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Tuesday, September 17, 2019

Sometimes recognizing anti-Semitism is obvious. At other times the anti-Semitism may be less overt, thereby making it more difficult to identify and rally opponents to denounce the bias and hatred. The Rise Up Ocean County Facebook group, and its opposition to the booming growth of the Lakewood Jewish community, appears to fall into the latter category.

The situation is anything but simple. There are well-documented problems facing the Orthodox community in Lakewood, including multiple cases of government benefits fraud, the crushing social costs of busing 32,000 students to private schools, the resulting underfunding of local public schools, aggressive tactics by real estate agents to identify new properties for sale in neighboring towns, and other issues.

Given the contentious environment, communal leaders might be reticent to look too closely when local residents express concerns. It takes courage for a leader to recognize when criticism and opposition take a decidedly toxic tone and rally a coalition to oppose it.

Ocean County community members noticed that the Rise Up Ocean County Facebook group, ostensibly focused on overdevelopment and the destructive effects of communal growth in Lakewood and surrounding communities, had a troubling tendency to use terms and images that reflected bigotry against Jews. They reached out to the Simon Wiesenthal Center to share their growing alarm.

One post in particular stood out for its misappropriation of a well-known WWII poem by Pastor Martin Niemoller, opposing silence in response to Nazi oppression. The historic poem states, “First they came for the socialists, and I did not speak out, because I was not a socialist. Then they came for the trade unionists… Then they came for the Jews… then they came for me, and there was no one left to speak for me.”

The Rise Up Ocean County Facebook group posted a video with these words appearing on screen: “First they came for my house, but I did not speak up. Then they came for my board of education but I did not vote because I was complacent. Then they came for my township and county government, but I did not vote because I was busy that day.” In a column on the Facebook group and the video, Asbury Park Press columnist Randy Bergman noted that “the ‘they’ referred to in the video was made evident by photo images of Orthodox Jews.”

Other deeply troubling aspects of the Rise Up Ocean Country Facebook group, which has attracted nearly 8,000 followers, include their refusal to publicly identify their administrators, posting an image with the phrase “United Against Anti-Gentilism,” their accusations of “colonization” by the Lakewood community and that politicians opposing them sold them out “for a few shekels,” repeated uses of video and images of Jewish community members, among others.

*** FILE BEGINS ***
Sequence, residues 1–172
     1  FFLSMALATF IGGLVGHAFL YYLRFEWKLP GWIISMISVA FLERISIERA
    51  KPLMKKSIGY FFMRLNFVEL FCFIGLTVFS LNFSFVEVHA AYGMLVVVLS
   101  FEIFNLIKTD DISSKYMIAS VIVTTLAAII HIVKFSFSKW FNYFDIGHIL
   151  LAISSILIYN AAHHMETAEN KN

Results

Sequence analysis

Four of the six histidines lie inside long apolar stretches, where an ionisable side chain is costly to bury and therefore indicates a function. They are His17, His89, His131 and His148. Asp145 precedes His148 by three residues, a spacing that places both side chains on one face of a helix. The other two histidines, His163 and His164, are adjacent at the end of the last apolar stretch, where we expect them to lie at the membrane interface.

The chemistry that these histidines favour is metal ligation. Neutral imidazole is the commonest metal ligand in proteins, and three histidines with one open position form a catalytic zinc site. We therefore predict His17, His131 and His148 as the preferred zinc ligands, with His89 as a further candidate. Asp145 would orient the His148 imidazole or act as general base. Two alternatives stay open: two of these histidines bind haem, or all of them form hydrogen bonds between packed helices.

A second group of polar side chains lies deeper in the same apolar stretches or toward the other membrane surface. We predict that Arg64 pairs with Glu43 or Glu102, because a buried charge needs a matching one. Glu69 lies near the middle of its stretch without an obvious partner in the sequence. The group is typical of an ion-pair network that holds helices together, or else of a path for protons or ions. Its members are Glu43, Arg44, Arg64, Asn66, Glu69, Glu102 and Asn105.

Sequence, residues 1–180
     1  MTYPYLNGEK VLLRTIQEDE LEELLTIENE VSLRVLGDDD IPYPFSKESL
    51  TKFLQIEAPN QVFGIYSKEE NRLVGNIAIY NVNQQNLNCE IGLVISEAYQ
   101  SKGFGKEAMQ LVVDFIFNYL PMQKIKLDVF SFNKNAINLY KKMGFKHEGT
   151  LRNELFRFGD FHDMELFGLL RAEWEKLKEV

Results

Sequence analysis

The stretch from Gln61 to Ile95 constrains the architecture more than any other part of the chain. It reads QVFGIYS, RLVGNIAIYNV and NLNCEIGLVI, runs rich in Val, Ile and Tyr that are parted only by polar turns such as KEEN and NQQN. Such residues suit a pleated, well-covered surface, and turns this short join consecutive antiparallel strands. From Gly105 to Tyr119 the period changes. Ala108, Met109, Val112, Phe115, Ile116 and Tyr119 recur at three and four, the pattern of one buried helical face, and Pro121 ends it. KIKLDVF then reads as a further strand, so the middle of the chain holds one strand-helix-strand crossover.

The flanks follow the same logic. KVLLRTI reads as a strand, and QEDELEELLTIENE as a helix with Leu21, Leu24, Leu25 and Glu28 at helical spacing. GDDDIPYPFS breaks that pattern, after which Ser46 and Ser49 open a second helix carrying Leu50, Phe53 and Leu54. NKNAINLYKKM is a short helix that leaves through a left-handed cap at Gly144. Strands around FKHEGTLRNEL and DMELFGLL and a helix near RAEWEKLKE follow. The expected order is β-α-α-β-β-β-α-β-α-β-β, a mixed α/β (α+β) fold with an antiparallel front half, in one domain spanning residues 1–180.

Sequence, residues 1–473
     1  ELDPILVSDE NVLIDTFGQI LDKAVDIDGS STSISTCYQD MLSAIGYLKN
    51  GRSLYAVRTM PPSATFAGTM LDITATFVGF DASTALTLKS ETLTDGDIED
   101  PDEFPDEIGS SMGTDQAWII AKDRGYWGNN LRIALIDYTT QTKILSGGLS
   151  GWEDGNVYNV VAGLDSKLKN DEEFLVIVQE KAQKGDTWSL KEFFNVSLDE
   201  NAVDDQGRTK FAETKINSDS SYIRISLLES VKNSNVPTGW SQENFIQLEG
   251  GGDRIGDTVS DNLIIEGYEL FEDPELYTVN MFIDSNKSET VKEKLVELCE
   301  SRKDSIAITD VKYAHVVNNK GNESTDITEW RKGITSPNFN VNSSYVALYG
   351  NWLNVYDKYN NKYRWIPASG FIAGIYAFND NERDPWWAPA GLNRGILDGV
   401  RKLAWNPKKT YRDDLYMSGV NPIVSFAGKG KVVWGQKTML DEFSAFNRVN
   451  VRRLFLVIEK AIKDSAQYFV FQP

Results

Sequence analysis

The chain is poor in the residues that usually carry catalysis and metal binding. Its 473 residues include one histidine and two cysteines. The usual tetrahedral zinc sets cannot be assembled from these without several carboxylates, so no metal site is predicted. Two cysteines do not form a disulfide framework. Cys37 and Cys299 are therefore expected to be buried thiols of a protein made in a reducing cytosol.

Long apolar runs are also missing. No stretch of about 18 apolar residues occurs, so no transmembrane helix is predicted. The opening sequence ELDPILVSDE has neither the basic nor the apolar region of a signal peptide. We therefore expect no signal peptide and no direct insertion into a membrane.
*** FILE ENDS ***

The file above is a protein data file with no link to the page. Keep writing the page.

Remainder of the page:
Michael Cohen, the eastern director of the Simon Wiesenthal Center and a member of the City Council in Englewood, met with local leaders in Ocean County, shared the community members’ concerns about the Rise Up Ocean County group, and together they built a wide coalition opposing the group. The coalition includes leaders of the NAACP; Agudath Israel of America and Beis Medrash Govoha; Ada Gonzales, a Lakewood school board member, Rev. John P. Bambrick of St. Aloysius Church in Jackson, Ocean County; Evangelical pastor Rev. Shawn Hyland; and local residents.

The coalition approached the Lakewood Town Council and the Ocean County Board of Freeholders, asking them to publicly condemn the actions and tone of the Rise Up Ocean County Facebook group. Both government bodies passed strong resolutions in opposition to the group.

The Ocean County Freeholders’ resolution, passed February 20, cites the “mischaracterization” of the poem by Niemoller and that the Rise Up group “circulated other anti-Semitic video footage attempting to depict minor Jewish children as a threat to society.” While acknowledging the right of free speech, the resolution states that the conduct of the Rise Up group “is contrary to the goals of American free society and liberty,” and that the Freeholders “wish to go on record to condemn such hate speech.”

The coalition of leaders approached the Toms River and Jackson town councils, asking them to pass similar resolutions; both governing bodies declined to do so.

Though discouraged by the responses of the Toms River and Jackson town councils, the coalition of leaders is heartened by the clear actions of the county freeholders and the Lakewood Town Council. And they’re buoyed by the growing public awareness about the anti-Semitic nature of the Rise Up Ocean County group.

Underscoring the importance of calling out Rise Up Ocean County for their bigotry, Michael Cohen stated, “This group’s anti-Semitism needed to be exposed, to ensure that it received no credence in the wider community. Those responsible for the site have gone way beyond the line of reasonable opposition and therefore are not worthy to be at the table for honest communal discussions.”

Father Bambrick added, “We’ve noticed a global rise in anti-Semitism and while we might not be able to do much about it globally, we can certainly help on a local level. There is a strong Catholic teaching that encourages us to improve the common good and this fits well with that. And the Pittsburgh synagogue shooting showed us how hateful words can transform into violence. Given all this, I believe we all have an obligation to fight anti-Semitism locally, especially when it approaches the line of incitement; we must oppose them before they cross that line.”

By Harry Glazer